Gayle Shanks: That's right. I think there are many, many, many used bookstores in the country that are flourishing right now. And, Changing Hands started, as you say, a used bookstore. We love our used books, we love the idea that people can come in and recycle their books and get credit. They can buy a used book, a new book, they can buy a solari bell with their credit. We love that idea of recycling. We started out in the 1970s thinking about alternative living and sustainability, and low and behold, here we are in 2011 and people are talking about sustainability and ecology and recycling. And so, we've never lost our love for used books, and I think there are lots of stores in the country that are going to thrive on being able to recycle those books as well.

Ted Simons: You mentioned the solari bells. You sell games, and toys and back to school supplies- it's more than just a bookstore. When does a bookstore threaten to become something different? Because when you started, I remember your store on Mill Avenue- it was a bookstore. It was books and maybe some cards here and there, but books. You store now you've got a lot of things in there. When is the other stuff too much and you lose that bookstore ambience character?

Gayle Shanks: Oh, I hope never. One thing that the gifts and sidelines that we carry do, they allow us to keep all of those books that we love on our shelves, because the profit in some of the gift items is higher than the profit is in books. It's kind of this fine balance that we walk. We love the idea that Changing Hands can be a one-stop shopping experience for people. So we're always trying to come up with new things that they can see when they come in the store that will become an impulse or a gift. You have a birthday, just about everybody has a birthday just about every day that they need to buy a present for. Sometimes, if you don't know if someone is a reader, you often know that they like a certain kind of lotion or a toy if it's a child. That's one area that we've really expanded dramatically, our kid's books and our kids' toys. We're encouraging parents to come and buy birthday presents for instance on the weekend, when they go to these birthday parties buy them at Changing Hands as opposed to one of the big box stores.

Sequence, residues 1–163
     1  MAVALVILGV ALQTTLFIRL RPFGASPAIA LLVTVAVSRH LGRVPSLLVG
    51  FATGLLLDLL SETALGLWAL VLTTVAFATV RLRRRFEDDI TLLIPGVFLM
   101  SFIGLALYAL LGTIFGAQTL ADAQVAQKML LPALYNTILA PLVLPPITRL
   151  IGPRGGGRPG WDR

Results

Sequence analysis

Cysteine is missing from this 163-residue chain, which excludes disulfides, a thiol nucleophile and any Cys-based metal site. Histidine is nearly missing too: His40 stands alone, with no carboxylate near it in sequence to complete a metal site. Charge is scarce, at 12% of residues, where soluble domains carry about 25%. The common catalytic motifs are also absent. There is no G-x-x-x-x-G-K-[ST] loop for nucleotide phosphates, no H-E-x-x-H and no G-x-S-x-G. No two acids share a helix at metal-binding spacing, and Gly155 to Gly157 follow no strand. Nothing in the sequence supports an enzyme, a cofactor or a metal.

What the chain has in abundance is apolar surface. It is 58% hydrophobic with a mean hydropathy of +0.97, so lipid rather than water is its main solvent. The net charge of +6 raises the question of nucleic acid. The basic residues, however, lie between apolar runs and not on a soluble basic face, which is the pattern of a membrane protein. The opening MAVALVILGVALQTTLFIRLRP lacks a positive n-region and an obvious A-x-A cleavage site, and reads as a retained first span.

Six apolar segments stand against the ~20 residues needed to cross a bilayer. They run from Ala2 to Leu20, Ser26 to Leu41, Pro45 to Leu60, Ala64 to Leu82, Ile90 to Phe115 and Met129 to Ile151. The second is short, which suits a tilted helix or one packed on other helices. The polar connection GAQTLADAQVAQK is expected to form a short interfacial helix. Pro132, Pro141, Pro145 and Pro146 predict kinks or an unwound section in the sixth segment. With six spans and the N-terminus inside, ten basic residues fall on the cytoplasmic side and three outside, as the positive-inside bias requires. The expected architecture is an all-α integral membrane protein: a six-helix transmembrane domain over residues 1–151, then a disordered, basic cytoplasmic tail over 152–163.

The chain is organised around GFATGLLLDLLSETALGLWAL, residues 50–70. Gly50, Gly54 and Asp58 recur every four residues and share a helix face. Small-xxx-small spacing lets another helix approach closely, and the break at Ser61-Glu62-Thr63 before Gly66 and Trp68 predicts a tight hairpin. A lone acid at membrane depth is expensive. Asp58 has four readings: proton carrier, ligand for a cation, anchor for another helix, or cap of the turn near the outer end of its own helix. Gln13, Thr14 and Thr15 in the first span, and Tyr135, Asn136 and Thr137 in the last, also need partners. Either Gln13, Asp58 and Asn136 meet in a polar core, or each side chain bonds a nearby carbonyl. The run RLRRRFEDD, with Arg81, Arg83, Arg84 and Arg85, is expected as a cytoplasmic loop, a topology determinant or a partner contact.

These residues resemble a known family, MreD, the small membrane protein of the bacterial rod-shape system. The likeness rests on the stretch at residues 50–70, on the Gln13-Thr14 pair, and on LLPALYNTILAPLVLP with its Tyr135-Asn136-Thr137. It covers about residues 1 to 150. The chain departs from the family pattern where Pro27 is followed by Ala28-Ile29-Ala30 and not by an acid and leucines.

Ted Simons: Last question before you go- for those who say bookstores will soon be a rarity that, like record stores and other things you can get online that eventually they're just going to go the way of the dinosaur, how do you respond to that?

Gayle Shanks: I want to tell you I think there have been bookstores for 5,000 years and there's going to be bookstores for another 5,000. I think book are icons of our culture. They really hold all of the information that we have as a culture inside in those words. And I think words are crucial to us as society, sharing those words is part of who we are as human beings. I don't think they are ever going to go away.

Ted Simons: Gayle, good to see you.

Gayle Shanks: It's really nice to see you, too, thank you.

Gayle Shanks:Founder and Co-Owner of Changing Hands Bookstore